However, when restricting the sample to low-income countries only (n=27), these crude correlations turn slightly negative, although still quite minimal, when examining government debt (Pearson’s ρ=-0.03) and slightly more pronounced when examining external health financing over the period (Pearson’s ρ=-0.11) (not shown in graph). This finding indicates that low-income countries may be more vulnerable to impacts of growing debt than lower-middle-income countries. In addition, external health financing greatly exceeded government health expenditures for low-income countries (see Figure 4, panel b). Thus, low-income countries should be prioritized as policymakers consider supportive measures (such as debt restructuring and provision of additional external financing) in 2023.

So what’s the bottom line of this exploratory analysis? Interest payments were relatively small during the first period and have grown sharply higher in the second. This is likely to squeeze public spending, including on health, in the absence of debt restructuring or additional external financing which requires political will and international leadership to raise the priority of debt on the political agenda of international financial institutions. Addressing today's debt crisis requires new thinking and urgent efforts.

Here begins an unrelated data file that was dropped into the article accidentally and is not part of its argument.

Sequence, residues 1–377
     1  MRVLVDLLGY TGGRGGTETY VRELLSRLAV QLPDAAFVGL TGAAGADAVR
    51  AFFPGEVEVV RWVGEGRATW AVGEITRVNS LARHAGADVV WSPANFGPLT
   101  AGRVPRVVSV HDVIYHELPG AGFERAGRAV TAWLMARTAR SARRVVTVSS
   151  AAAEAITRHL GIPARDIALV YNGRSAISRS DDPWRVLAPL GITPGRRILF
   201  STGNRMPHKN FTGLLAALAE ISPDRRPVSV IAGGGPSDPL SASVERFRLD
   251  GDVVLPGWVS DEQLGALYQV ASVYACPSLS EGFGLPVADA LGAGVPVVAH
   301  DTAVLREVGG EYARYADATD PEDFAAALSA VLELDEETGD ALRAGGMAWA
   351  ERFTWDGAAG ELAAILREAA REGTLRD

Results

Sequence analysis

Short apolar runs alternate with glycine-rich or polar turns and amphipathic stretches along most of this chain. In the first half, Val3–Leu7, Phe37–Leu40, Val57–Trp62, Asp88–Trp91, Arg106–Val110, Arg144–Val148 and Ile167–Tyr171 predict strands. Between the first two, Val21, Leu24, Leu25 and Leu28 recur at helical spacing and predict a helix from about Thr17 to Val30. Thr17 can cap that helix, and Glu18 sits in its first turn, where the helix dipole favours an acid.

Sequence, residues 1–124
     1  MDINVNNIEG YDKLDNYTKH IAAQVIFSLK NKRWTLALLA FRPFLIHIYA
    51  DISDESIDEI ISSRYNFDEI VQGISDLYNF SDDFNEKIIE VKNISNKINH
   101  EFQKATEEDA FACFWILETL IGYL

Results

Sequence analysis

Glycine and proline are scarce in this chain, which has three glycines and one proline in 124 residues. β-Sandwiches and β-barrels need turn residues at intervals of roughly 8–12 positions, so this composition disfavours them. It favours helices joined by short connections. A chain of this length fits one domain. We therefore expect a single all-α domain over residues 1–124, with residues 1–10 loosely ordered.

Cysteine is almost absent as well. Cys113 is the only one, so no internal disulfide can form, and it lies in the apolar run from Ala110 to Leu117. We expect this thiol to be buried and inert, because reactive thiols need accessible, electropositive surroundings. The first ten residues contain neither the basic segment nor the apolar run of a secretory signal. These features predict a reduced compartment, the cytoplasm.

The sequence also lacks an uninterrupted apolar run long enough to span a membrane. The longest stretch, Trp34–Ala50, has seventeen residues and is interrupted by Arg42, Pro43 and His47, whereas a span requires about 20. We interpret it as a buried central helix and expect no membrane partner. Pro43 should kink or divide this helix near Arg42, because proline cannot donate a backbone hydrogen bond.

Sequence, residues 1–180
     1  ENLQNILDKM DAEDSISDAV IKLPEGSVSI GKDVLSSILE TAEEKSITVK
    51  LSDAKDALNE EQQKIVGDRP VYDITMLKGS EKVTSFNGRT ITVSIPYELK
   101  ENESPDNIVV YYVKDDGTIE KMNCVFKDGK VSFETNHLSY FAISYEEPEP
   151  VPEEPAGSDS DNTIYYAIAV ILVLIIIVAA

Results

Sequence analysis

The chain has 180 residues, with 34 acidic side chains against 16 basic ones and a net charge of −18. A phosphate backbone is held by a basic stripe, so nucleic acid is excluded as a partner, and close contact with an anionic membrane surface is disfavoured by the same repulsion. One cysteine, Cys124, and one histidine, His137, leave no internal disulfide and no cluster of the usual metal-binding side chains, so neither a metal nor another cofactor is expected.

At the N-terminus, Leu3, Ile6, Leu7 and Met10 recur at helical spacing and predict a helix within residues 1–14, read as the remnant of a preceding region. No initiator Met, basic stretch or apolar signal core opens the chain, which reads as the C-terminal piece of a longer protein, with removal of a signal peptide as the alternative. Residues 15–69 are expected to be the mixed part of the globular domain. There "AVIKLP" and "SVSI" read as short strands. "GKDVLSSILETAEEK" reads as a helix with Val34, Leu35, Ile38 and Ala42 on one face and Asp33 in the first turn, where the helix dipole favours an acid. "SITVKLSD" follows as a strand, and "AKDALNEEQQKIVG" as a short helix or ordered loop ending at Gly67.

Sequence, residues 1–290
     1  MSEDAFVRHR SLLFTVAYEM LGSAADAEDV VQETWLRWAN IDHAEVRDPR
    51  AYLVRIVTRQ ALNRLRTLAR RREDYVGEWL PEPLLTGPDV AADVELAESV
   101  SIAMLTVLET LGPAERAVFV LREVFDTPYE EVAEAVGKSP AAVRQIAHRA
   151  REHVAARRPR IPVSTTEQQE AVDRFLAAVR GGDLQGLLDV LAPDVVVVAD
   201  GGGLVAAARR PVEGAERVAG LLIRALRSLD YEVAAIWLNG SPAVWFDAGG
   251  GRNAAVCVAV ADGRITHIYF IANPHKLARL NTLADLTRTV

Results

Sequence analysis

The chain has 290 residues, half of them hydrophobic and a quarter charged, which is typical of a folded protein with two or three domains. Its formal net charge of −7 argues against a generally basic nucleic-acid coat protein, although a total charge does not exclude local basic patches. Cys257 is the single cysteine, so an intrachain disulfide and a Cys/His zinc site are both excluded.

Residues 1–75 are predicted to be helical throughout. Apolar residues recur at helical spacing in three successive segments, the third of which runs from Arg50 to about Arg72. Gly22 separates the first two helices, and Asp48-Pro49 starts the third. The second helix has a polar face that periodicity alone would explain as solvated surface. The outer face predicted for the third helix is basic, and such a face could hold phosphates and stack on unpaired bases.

On top of this, higher food and fuel prices as a result of the Ukraine war and a slowing global economy, will make it harder for policymakers in these countries to maintain critical spending programs. Yet, fiscal tightening is inevitable in some, if not many, countries, which would exert downward pressure on all spending programs, including health. In the short term, there are limits to how much these countries can raise additional domestic revenues. In these circumstances, could external financing be stepped up in selected low-income countries to protect the health sector?

Figure 4: External health financing has greatly exceeded government health expenditures for low-income countries

Notes: Authors calculations using IMF, WEO, and World Health Organization data for low- and lower-middle-income countries (n=76) and low-income countries only (n=27) on government finances and health expenditures

With thanks to Javier Guzman for helpful comments.


CGD blog posts reflect the views of the authors, drawing on prior research and experience in their areas of expertise. CGD is a nonpartisan, independent organization and does not take institutional positions.